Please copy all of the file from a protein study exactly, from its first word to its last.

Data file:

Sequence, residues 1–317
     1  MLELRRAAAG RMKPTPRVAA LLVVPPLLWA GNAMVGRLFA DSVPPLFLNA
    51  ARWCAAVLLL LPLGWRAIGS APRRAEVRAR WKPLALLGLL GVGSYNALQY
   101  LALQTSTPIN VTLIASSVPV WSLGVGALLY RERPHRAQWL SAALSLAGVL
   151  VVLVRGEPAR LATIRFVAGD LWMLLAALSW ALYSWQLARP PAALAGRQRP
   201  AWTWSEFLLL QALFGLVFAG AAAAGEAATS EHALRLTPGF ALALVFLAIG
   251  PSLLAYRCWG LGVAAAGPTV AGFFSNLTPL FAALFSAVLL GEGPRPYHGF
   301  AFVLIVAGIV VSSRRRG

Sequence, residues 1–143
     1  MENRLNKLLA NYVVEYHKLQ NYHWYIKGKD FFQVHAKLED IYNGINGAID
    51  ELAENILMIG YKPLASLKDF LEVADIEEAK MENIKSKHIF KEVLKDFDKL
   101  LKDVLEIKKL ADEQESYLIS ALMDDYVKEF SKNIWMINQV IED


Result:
Sequence, residues 1–317
     1  MLELRRAAAG RMKPTPRVAA LLVVPPLLWA GNAMVGRLFA DSVPPLFLNA
    51  ARWCAAVLLL LPLGWRAIGS APRRAEVRAR WKPLALLGLL GVGSYNALQY
   101  LALQTSTPIN VTLIASSVPV WSLGVGALLY RERPHRAQWL SAALSLAGVL
   151  VVLVRGEPAR LATIRFVAGD LWMLLAALSW ALYSWQLARP PAALAGRQRP
   201  AWTWSEFLLL QALFGLVFAG AAAAGEAATS EHALRLTPGF ALALVFLAIG
   251  PSLLAYRCWG LGVAAAGPTV AGFFSNLTPL FAALFSAVLL GEGPRPYHGF
   301  AFVLIVAGIV VSSRRRG

Sequence, residues 1–143
     1  MENRLNKLLA NYVVEYHKLQ NYHWYIKGKD FFQVHAKLED IYNGINGAID
    51  ELAENILMIG YKPLASLKDF LEVADIEEAK MENIKSKHIF KEVLKDFDKL
   101  LKDVLEIKKL ADEQESYLIS ALMDDYVKEF SKNIWMINQV IED